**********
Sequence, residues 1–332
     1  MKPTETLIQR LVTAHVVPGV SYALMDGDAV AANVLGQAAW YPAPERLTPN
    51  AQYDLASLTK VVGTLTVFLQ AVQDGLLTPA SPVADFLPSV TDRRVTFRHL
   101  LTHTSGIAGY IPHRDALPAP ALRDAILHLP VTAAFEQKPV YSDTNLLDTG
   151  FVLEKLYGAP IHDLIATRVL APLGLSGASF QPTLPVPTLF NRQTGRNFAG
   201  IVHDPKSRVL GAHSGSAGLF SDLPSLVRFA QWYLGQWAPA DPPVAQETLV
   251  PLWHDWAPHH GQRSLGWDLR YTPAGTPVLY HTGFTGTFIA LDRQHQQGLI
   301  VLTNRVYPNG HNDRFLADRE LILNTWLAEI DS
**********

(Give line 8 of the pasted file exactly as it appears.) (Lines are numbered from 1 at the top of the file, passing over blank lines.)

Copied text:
   301  VLTNRVYPNG HNDRFLADRE LILNTWLAEI DS